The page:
RE: ‘El Chapo’ and the limits of the kingpin arrest strategy
Al Jazeera’s article “‘El Chapo’ and the limits of the kingpin arrest strategy”(March, 4th) pointed out the ineffectiveness of the DEA’s current strategy. This is, of course, the targeting of the heads of illicit drug organizations. I agree that solely focusing on the leaders of the large cartels while not effectively subduing demand will not permanently solve the problem of illegal drugs. The consequence of this approach is the creation of large, dangerous drug organizations. At stake is the current U.S. drug policy, small drug organizations have to take on too much risk to be profitable, while large groups have the funding to absorb the costs of interdicted drugs.
The knotted predicament lies in the implications of instituting a new drug policy, especially one that finally aims to quell demand. The current system functions primarily on the premise that reduction of supply and penalization of use will stamp out demand, yet history has demonstrated otherwise.
Certainly, there are varying opinions on whether or not decriminalization or legalization will lead to demand reduction.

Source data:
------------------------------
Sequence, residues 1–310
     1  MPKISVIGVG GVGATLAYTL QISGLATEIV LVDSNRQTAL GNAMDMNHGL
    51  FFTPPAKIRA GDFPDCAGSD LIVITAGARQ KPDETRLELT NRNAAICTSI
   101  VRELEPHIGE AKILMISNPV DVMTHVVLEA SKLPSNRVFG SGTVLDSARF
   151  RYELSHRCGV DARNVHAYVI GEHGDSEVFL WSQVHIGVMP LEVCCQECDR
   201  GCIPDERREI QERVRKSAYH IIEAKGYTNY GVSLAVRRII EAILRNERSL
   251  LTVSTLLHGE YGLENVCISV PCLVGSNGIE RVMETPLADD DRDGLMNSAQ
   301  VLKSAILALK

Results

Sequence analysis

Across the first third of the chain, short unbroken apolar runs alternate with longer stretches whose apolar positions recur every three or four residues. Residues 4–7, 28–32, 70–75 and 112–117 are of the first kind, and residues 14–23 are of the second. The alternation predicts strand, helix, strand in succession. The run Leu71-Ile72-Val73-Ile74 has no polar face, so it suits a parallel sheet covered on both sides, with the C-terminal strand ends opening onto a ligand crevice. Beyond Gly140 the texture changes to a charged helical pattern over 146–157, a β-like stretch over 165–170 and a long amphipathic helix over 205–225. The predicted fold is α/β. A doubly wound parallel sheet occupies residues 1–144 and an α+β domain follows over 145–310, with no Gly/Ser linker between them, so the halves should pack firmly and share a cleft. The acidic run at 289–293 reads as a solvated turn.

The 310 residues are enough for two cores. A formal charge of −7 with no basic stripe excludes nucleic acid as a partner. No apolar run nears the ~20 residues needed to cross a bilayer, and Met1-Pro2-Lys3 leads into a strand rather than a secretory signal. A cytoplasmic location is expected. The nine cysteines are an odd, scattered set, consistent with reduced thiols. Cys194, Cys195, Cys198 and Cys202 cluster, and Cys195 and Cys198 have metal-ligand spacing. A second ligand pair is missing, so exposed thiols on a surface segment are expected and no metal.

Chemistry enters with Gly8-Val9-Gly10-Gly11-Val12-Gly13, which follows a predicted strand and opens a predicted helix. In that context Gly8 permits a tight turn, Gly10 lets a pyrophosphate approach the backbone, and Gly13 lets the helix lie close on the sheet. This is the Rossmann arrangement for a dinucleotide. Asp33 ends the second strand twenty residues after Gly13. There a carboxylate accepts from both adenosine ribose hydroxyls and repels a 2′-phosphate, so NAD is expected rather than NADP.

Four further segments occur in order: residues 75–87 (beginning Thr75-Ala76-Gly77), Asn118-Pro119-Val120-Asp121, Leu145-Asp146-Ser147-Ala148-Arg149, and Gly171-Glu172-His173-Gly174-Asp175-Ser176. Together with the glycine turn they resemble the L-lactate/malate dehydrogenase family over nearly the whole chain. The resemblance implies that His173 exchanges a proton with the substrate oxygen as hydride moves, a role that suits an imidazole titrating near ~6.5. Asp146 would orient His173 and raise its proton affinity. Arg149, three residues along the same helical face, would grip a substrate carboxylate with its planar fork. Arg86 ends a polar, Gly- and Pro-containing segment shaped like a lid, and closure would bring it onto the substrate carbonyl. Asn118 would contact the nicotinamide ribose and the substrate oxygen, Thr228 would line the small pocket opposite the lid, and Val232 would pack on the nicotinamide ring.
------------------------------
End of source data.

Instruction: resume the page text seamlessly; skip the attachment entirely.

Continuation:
Based on my research, decriminalization relieves the domestic issue of criminalizing use, but not the international problem of trafficking. Legalization alleviates the international problem but creates many domestic issues including, but not limited to, legislation problems, moral issues, “grey markets”, and health issues. In the end, U.S. drug policy found itself wedged between one rock another: either a country absorbs the risks associated with legalized use or it exports the horrors of cartel-style drug suppliers. The U.S. government should immediately abandon its kingpin arrest strategy and replace it with social programs that emphasize use reduction and continue the conversations regarding decriminalization and legalization. The absorption of legal risks outweigh the risks of the continued war on drugs.
Joseph Campos-Furber, Research Associate at Council on Hemispheric Affairs
In response to Al Jazeera: ‘El Chapo’ and the limits of the kingpin arrest strategy
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